Six Badass Movie Trucks You Don’t Want to Meet on the Highway
Updated December 26, 2015
Forget George Clooney or Daniel Craig. Sometimes it’s the truck that makes the movie. Here is a list of the trucks who would earn an Oscar as Best Badass Truck.
“Big Trouble in Little China” — The Pork Chop Express
A love of all things Kurt Russell helped get this 1985 Freightliner FLC-120, dubbed the Pork Chop Express, on the list for the movie, “Big Trouble in Little China.” Besides, this is the favorite movie of The Rock. “You just listen to the old Pork Chop Express and take his advice on a dark and stormy night, alright? When some wild-eyed, eight-foot-tall maniac grabs your neck, taps the back of your favorite head up against the barroom wall, and he looks you crooked in the eye and he asks you if ya paid your dues, you just stare that big sucker right back in the eye, and you remember what ol’ Jack Burton always says at a time like that: “Have ya paid your dues, Jack?” “Yessir, the check is in the mail.”
Jeepers Creepers – 1941 Chevrolet
This cab over engine truck is the vehicle of choice for the creeper who feasts for 23 days every 23 years. It transports bodies — dead or alive — to a cave underneath an old church. Early in the film, the truck scares the two innocents on their way home from spring break off the road. Later, it rams their car, leaving it broken and smoking in a field. Close observers will note the license plate reads BEATINGU.
“Terminator 2: Judgment Day” – the big rig
It’s one of the best chase scenes in movies. T-1000 commandeers a big rig giving chase to the young John Connor on his motor bike. Of course, AHnold rides his trusty steed, a Harley, to the rescue with a shotgun. It ends — sort of — with an explosive exclamation point.
“Mad Max:Fury Road” — The War Rig
If ever a truck made good on the promise of its name, it’s the rig of Tom Hardy as Mad Max and the baddest badass, Charlize Theron as Furiosa. The 78-foot-long Tatra semi is powered by twin supercharged V-8s. Up front, it has an extended cab made with the rear half of a 1947 Chevy Fleetmaster sedan for passengers. The rig hauls a tanker and fuel pod. The main tanker has two turrets, the rear one made of a chopped Volkswagen Beetle. The rear turret has two swing arms that allow for War Boys to move around the tanker quickly and mount the pod. Along the sides are spikes and slanted sharp pieces of metal combined with circular saw blades. All is nicely tied together by the decorative and menacing skulls.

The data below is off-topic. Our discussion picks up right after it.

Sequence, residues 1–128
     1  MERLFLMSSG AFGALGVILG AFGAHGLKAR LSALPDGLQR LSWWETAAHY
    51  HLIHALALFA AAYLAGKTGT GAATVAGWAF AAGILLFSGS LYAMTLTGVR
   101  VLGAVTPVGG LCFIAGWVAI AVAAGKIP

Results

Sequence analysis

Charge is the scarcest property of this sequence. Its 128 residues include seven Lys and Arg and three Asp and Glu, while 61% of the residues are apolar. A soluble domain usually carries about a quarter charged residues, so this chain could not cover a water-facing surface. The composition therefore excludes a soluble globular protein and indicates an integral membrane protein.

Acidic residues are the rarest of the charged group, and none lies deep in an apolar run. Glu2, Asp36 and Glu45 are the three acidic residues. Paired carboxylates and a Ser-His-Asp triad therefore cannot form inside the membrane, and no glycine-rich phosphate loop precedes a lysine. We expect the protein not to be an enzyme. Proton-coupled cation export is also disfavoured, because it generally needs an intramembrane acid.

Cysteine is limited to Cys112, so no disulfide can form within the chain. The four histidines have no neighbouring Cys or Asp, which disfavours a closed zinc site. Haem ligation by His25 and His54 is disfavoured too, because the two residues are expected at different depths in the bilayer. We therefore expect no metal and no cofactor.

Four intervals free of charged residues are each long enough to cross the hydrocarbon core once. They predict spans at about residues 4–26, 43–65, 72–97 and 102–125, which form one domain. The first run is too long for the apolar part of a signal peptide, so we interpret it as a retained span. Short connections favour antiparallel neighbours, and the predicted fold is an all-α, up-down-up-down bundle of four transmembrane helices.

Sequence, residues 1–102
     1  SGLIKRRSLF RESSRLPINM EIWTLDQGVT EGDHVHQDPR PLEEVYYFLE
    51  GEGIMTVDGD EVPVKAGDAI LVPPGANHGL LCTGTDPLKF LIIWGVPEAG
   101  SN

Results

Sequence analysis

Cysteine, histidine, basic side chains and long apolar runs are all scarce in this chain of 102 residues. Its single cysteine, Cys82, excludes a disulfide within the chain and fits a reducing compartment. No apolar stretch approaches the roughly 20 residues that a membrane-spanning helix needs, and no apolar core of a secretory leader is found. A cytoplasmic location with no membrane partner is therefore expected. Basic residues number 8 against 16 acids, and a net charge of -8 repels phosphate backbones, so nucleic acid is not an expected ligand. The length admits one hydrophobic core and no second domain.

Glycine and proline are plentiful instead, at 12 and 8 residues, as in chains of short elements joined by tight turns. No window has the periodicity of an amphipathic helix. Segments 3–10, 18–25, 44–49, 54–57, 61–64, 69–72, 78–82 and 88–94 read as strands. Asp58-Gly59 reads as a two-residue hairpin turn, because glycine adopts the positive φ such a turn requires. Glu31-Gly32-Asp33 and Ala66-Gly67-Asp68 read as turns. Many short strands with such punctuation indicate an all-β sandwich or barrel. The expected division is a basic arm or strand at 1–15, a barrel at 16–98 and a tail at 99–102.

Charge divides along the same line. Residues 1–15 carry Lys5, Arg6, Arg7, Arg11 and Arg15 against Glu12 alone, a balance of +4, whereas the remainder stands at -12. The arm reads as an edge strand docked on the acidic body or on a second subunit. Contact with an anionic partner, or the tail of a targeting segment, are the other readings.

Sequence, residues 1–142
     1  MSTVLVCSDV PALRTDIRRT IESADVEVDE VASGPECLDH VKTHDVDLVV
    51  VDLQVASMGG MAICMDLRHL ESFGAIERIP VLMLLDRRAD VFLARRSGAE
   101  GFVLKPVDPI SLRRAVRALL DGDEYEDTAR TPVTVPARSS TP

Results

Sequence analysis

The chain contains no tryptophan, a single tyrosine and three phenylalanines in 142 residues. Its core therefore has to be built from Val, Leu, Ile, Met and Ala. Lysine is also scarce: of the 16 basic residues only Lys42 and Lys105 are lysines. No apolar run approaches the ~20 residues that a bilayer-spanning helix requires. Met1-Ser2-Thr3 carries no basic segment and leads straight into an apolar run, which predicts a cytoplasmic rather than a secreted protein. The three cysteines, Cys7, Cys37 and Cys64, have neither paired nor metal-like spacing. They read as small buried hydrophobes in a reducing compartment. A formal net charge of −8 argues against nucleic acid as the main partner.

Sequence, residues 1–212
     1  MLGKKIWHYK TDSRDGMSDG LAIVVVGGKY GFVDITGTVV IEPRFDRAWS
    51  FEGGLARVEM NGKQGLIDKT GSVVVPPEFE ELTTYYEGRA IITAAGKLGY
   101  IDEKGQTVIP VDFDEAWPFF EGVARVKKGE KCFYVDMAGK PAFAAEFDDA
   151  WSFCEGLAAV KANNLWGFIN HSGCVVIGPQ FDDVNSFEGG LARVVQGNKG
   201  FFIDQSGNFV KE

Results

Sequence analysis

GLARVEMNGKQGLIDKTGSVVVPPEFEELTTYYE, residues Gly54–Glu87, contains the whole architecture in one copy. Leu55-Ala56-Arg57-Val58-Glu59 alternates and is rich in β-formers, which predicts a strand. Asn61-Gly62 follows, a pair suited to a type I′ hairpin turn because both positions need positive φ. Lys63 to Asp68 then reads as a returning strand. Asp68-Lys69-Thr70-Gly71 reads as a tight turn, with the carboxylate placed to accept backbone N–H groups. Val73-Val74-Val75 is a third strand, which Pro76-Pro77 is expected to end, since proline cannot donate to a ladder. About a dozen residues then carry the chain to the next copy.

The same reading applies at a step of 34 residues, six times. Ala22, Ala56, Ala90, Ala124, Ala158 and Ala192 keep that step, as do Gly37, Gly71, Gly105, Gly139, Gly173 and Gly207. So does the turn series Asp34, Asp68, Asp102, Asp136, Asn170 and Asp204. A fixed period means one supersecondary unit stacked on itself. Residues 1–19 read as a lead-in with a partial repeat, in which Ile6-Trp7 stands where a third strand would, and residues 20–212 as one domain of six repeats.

Maximum Overdrive — the Happy Toyz truck
Stephen King’s only stint as a director produced this movie about a rogue comet that causes the machinery on Earth to become sentient and start attacking humans. Of course, an evil 18-wheeler with a front grill modeled after Marvel’s Green Goblin is the main villain. It traps survivors at a truck stop and terrorizes them. King later said he was high on cocaine during much of the filming. Asked once why he’d never directed another movie, he replied, “Did you see Maximum Overdrive?” The AC?DC soundtrack offers a bit of redemption.
Mad Max 2: The Road Warrior – Mack R-600 Coolpower
Mel Gibson’s Max finds this 1970s vintage truck and brings it to life, eventually driving it back to the main compound, evading Humungus and his band of bad guys. He modifies the truck to add armor to protect the radiator and a cow-catcher in front to plow through marauders. In the movie’s final scene, Max drives the rig through the attackers as a decoy, it’s tanks filled with sand, allowing the inhabitants of the compound to escape. Writing on the side contains a cheerful homily for the times: “The vermin have inherited the Earth.”
The Duel – 1955 Peterbilt 281
There’s no doubt the truck co-stars with Dennis Weaver, who plays the mild-mannered commuter pushed to the breaking point by a menacing 18-wheeler on a lonely highway in the Southwestern desert. You never see or hear the psychotic driver of the truck which follows Weaver after he passes it in his 1971 Plymouth Valiant. The movie originally was made for TV, but was so well received it was released in movie theaters. The first-time director was a guy named Steven Spielberg. Spielberg chose the 281 for its appearance, feeling it suggested a face viewed from the front.
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